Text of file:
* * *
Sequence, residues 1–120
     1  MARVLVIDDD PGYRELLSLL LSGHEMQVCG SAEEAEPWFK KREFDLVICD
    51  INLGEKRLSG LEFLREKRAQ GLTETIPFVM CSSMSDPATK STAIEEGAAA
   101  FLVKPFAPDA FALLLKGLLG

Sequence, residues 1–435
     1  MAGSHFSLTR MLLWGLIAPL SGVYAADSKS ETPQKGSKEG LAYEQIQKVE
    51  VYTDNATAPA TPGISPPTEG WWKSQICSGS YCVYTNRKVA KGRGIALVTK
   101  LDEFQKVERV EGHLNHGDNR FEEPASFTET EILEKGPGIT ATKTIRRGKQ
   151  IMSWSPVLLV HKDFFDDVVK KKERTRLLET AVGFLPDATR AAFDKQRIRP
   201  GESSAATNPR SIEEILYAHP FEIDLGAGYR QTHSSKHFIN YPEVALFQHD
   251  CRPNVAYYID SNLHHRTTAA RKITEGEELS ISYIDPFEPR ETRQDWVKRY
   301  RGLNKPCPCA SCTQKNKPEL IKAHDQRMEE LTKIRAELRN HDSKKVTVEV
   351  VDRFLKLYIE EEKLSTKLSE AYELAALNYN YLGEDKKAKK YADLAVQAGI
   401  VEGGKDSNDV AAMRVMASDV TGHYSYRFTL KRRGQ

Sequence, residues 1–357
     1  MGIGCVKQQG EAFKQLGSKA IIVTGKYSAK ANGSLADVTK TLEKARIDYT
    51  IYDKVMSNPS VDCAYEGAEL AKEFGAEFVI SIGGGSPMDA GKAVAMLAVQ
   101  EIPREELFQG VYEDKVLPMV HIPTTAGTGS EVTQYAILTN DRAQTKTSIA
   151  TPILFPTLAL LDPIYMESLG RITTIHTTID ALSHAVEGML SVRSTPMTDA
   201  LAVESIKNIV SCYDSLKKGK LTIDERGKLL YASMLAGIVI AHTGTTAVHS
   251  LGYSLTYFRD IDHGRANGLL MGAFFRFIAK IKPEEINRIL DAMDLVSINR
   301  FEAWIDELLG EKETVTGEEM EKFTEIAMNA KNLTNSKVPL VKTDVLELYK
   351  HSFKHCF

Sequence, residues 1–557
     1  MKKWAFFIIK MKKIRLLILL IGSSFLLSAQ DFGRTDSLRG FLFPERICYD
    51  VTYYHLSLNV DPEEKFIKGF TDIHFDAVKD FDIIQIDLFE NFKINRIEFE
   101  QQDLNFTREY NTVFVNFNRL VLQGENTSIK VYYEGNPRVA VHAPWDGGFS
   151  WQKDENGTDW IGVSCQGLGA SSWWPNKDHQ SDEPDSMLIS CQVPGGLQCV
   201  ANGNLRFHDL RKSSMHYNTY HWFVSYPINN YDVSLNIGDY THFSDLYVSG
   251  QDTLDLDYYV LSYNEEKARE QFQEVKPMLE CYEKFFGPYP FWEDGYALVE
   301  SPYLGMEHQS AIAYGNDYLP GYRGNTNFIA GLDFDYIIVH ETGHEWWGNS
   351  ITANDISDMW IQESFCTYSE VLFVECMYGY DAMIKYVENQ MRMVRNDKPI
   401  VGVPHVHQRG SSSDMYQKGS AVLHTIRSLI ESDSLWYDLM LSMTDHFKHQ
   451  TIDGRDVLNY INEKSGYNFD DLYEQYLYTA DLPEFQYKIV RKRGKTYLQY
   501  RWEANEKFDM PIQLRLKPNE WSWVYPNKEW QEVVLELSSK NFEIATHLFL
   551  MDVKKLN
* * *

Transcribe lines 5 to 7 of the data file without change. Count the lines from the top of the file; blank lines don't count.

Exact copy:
Sequence, residues 1–435
     1  MAGSHFSLTR MLLWGLIAPL SGVYAADSKS ETPQKGSKEG LAYEQIQKVE
    51  VYTDNATAPA TPGISPPTEG WWKSQICSGS YCVYTNRKVA KGRGIALVTK